Although he’s best known for his ability to regenerate from even the most severe of injuries, Deadpool’s might just be his brutal honesty.
Although he’s best known for his ability to regenerate from even the most severe of injuries, Deadpool’s might just be his brutal honesty. While many of the Marvel Universe’s other heroes usually try to uphold some semblance of decorum, Deadpool has never been afraid to speak his mind and his complete lack of tact gives him the unique ability to cut straight to the heart of a controversial issue and deliver harsh but honest criticism of individual heroes, the larger superhero community, and even the trends of the comic book industry as a whole.
During Civil War (by Mark Miller and Steve McNiven), many of Marvel’s heroes underwent a dark shift in character that was reflected in dramatic costume changes and radical alterations to their personalities, and Deadpool spent much of the crossover event mocking how “mature” the Marvel Universe had suddenly become. One of the primary targets of Deadpool’s ridicule was Speedball, the former leader of the New Warriors, who’d taken on a new, darker identity as the anti-heroic Penance following the tragedy that led to the passage of the Superhero Registration Act. Deadpool’s brutal (yet hilarious) criticism of Penance not only proves how surprisingly insightful the Merc With the Mouth can be but serves as a reminder that a darker aesthetic doesn’t equal maturity.
In an attempt to boost the ratings of their reality television show, Speedball and the New Warriors attempted to take on a group of powerful villains hiding out in the small town of Stamford, Connecticut, resulting in a battle that killed over 600 innocent civilians and the subsequent passage of the Superhuman Registration Act. Tormented by guilt, Speedball abandoned his old costume and took on the moniker of Penance, commissioning a suit of armor equipped with 600 interior needles that kept him in a constant state of pain and replacing his once optimistic demeanor with a grim disposition. While many other heroes were horrified by Speedball’s transformation, Deadpool, currently serving as a member of the Great Lakes Initiative, wasted no time making fun of him in Deadpool/GLI – Summer Fun Spectacular‘s “Squirrel Girl Interludes” (by Fabian Nicieza, Dan Slott, Kieron Dwyer, Pete Pantazis, and Dave Lanphear).
While Deadpool himself doesn’t directly interact with Penance within the issue, he doesn’t show him any sympathy, writing him off as an overly-dramatic poser trying to cash in on a popular trend. Unable to accept what he’s become, Squirrel Girl, Penance’s former love interest, infiltrates Thunderbolt Mountain and attempts to convince him to abandon his new persona and return to his former identity. After a few futile attempts to convince her that this is his way of atoning for his crimes, he finally admits that he became Penance to try and become a “deeper” character, completely validating Deadpool’s opinion on the ex-New Warrior.
Given the questionable continuity of “Squirrel Girl Interludes” and Squirrel Girl’s other fourth-wall-breaking adventures, Penance’s admission is more than likely an in-universe joke and not a true revelation about his character. However, the incident does serve as proof of how ineffective the practice of turning “bright” heroes into darker and more serious characters can be. For many years, comics have been stereotyped as children’s literature by those unfamiliar with the genre, and many writers and artists have sought to challenge that perception by incorporating darker thematic elements into their stories. This has resulted in many optimistic and colorful heroes like Speedball undergoing a radical transformation that changes them into darker and more angst-driven characters.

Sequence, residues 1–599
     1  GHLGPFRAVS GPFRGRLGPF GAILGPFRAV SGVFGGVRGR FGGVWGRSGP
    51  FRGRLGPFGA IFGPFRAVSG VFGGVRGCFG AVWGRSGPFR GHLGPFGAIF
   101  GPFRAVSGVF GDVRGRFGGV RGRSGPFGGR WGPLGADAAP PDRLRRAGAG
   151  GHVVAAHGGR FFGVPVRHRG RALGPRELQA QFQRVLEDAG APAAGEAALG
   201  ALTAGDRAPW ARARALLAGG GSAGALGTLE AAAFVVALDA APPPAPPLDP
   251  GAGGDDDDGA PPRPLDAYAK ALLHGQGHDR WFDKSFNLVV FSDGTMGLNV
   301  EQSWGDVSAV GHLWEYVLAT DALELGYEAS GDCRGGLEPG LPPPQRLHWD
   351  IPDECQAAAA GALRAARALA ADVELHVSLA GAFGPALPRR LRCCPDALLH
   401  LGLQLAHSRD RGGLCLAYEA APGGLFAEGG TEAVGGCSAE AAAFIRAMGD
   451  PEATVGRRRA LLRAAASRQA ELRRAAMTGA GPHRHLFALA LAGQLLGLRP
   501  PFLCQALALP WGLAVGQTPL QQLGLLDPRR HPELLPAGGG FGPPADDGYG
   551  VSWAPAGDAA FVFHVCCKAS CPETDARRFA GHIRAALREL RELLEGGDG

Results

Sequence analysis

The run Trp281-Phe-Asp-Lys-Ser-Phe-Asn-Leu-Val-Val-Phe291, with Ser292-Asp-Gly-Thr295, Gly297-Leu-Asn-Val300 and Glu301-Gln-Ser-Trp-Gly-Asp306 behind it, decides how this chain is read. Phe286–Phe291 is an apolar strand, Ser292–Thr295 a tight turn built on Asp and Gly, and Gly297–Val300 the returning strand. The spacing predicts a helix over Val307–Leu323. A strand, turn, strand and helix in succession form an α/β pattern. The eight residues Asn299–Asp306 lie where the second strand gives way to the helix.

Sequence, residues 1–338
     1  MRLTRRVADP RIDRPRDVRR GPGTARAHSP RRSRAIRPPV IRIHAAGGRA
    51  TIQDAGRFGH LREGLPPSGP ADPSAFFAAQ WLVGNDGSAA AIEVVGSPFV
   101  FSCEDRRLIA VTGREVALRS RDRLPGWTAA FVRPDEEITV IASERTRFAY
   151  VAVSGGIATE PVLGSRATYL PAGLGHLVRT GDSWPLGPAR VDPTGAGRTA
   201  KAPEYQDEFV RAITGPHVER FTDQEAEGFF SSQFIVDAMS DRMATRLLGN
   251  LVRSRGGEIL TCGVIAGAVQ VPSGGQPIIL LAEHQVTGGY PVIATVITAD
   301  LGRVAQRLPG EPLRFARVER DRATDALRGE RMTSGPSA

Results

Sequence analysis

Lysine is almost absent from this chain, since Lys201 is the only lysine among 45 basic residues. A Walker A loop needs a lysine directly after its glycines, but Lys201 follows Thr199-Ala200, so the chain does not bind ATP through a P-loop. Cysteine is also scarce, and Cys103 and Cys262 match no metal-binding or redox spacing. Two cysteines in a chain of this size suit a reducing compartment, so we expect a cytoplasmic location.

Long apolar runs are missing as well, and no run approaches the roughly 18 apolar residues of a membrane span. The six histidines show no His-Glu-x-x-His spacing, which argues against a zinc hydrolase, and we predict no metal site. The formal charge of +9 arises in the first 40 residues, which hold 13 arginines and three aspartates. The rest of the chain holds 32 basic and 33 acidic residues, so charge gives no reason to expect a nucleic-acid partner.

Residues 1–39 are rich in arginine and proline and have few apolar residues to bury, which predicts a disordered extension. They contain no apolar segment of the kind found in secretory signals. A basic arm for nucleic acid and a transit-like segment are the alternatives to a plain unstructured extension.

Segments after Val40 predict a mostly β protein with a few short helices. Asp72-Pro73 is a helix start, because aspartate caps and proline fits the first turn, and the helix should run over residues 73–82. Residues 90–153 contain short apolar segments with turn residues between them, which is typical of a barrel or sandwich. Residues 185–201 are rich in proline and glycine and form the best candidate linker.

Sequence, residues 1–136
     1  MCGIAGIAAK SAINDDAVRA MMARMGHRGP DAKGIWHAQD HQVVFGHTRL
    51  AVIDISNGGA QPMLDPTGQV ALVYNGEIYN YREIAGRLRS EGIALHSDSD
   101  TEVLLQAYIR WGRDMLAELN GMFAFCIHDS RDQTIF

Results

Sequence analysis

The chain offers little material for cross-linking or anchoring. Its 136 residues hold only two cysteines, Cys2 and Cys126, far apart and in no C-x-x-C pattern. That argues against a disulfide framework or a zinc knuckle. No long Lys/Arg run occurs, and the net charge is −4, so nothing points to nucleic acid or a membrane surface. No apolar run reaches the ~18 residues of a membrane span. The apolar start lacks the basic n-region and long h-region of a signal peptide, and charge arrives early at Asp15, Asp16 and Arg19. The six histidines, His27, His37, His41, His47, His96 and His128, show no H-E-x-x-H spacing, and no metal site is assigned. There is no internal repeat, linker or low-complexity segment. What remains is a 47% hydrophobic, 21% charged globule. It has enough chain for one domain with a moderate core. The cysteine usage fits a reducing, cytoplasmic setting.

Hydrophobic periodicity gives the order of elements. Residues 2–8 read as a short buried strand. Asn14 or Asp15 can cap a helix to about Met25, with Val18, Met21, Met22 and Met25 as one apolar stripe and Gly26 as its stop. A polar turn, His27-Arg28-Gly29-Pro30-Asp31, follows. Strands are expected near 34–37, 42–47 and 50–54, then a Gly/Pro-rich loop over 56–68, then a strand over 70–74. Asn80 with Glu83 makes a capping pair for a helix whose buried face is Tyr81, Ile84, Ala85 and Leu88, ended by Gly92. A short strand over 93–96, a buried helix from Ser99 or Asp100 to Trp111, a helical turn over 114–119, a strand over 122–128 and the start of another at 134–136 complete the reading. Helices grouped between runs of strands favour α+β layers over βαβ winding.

Unfortunately, while this approach has sometimes resulted in characters like Rocket Racoon and Howard the Duck being upgraded from joke characters to well-respected heroes, it’s also resulted in many heroes making bizarre choices or undergoing extreme trauma in an attempt to justify the sudden shift in their characters. The trials and tribulations that Spider-Man endured during the infamous Clone Saga were the direct results of the desire to make one of their more child-friendly heroes more mature. However, the result only succeeded in alienating long-time readers due to the many convoluted twists and turns that the series took as it was drawn out over two years.
During the era of Civil War, many characters underwent similar ordeals as the Marvel Universe moved in a more “mature” direction, but this resulted in long-time heroes like Iron Man, Mr. Fantastic, and Captain Marvel making controversial decisions that would impact their perception among comic fans for years to come. Ironically, by staying true to his irreverent and cartoonish self, Deadpool ended up being one of the few characters who emerged from this era with his reputation and popularity unscathed. In contrast, Penance and many other “edgy” characters like him have faded into obscurity, proving that staying true to a character’s true personality makes them stronger.
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